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McCullough found guilty

Published: Friday, Sept. 14, 2012 11:26 a.m. CDT • Updated: Friday, Sept. 14, 2012 4:55 p.m. CDT
Caption
(Kyle Bursaw — kbursaw@shawmedia.com)
Jack McCullough is escorted into the DeKalb County Courthouse by Sheriff's deputies Ray Nelson (back left) and David Rivers (front right) on Tuesday, Sept. 4, 2012. McCullough was found guilty today of the kidnapping and murder of Maria Ridulph on Dec. 3, 1957.

SYCAMORE – Loud cheers erupted from the courtroom gallery Friday as a judge declared Jack McCullough guilty on all three counts against him.

McCullough, who prosecutors said was responsible for the Dec. 3, 1957 abduction and death of Sycamore 7-year-old Maria Ridulph, remained emotionless as Kane County Associate Judge James Hallock delivered his verdict.

A sentencing hearing was set for Nov. 30. DeKalb County State's Attorney Clay Campbell said after the verdict that he wouldn't speculate on sentencing at this point, but said McCullough can choose whether to be sentenced under 1957 or current-day statutes.

During closing arguments Friday morning, Prosecutor Victor Escarcida said Maria never got to see eight candles on her birthday cake and never enjoyed a full life.

"Judge, this is an angel," Escarcida said while holding up a photo of Maria. "This is murder," he said while holding another photo of her remains, which were discovered in April 1958 in a wooded area of Joe Daviess County.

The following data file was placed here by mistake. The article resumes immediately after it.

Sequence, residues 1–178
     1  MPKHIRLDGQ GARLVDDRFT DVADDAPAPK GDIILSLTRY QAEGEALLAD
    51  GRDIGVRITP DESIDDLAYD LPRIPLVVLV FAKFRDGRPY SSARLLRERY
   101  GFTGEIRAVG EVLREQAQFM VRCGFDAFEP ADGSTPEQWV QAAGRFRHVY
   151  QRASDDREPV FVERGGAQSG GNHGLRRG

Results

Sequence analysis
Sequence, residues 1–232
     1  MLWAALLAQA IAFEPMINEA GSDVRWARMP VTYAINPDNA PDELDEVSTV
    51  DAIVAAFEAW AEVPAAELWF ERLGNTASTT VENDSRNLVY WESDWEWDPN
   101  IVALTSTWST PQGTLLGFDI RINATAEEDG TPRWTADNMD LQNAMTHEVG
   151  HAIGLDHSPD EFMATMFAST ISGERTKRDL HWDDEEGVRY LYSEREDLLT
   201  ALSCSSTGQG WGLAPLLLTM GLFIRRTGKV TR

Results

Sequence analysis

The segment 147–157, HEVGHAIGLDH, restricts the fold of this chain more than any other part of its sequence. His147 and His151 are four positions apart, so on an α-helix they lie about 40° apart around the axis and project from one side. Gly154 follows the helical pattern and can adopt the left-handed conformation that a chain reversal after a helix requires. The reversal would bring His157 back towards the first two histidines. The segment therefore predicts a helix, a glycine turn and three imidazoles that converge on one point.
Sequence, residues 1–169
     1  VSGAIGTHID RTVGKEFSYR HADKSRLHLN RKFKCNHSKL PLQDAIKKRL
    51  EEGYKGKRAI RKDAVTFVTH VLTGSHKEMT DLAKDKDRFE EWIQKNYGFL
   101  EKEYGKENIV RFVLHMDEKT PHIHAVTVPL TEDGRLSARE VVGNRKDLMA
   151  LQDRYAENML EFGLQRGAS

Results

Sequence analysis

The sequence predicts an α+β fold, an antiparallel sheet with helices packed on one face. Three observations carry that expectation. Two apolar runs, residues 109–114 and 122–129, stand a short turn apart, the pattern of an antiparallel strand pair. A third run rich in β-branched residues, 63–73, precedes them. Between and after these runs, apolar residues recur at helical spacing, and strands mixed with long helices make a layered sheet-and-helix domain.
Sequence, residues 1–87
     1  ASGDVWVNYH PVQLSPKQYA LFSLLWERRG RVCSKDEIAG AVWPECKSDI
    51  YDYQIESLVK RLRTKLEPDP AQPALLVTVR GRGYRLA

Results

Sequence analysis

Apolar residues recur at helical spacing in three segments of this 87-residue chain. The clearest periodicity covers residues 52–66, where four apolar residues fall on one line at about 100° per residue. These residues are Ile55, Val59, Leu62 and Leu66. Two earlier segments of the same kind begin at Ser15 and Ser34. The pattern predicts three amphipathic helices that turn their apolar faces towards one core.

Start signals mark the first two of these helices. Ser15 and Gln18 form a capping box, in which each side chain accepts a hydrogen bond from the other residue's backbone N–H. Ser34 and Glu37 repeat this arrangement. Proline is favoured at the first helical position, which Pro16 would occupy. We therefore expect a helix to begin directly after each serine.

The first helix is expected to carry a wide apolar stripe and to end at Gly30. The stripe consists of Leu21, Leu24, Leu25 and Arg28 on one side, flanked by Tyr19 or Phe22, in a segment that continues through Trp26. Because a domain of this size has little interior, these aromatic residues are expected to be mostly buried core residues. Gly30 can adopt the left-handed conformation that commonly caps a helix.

"... It is never too late for justice," Escarcida said.

Interim Public Defender Tom McCulloch questioned the state's "buffet-style approach" to Maria's cause of death, with witnesses offering multiple choices for how McCullough was said to have killed Maria, including suffocation, strangulation or stabbing.

McCulloch challenged the credibility of the jailhouse inmates who testified this week, claiming McCullough shared with them details of Maria's death and the case against him. McCulloch also questioned whether Kathy Chapman's identification of McCullough in a photo line-up could carry much weight as it came decades after she saw the man named Johnny approach her and her friend.

"Why is it that 50 years later, this process becomes more accurate or reliable?" McCulloch asked.

He said there were too many missing or broken links in the state's story, with "stupid" stories from jail inmates and contradicting accounts from Tessier's sisters regarding their mother's statement before her death.

Prosecutor Julie Trevarthen brought up the difference between describing a face and recognizing one, which is what Chapman was able to do so many years later.

"Kathy waited over 50 years to have the answer to that multiple choice question put in front of her," Trevarthen said.

As for the testimony from inmates Christopher Diaz, Kirk Swaggerty and John Doe, she said McCullough chose those witnesses, not the state.

"Crimes conceived in hell don't have angels as witnesses," Trevarthen said. For their testimony to be false, she added, the three would have to have telepathy to share some of the same details, because all three men were never together.

"Today isn't about the defendant. Today is about Maria," she said in closing.

After an hour and a half of closing arguments, Hallock gave his verdict, saying he found the state's witnesses – including the inmates, Chapman and a forensic anthropologist – credible.

Memories are clouded with the passage of time, he said, "but that's to be expected after these many years."

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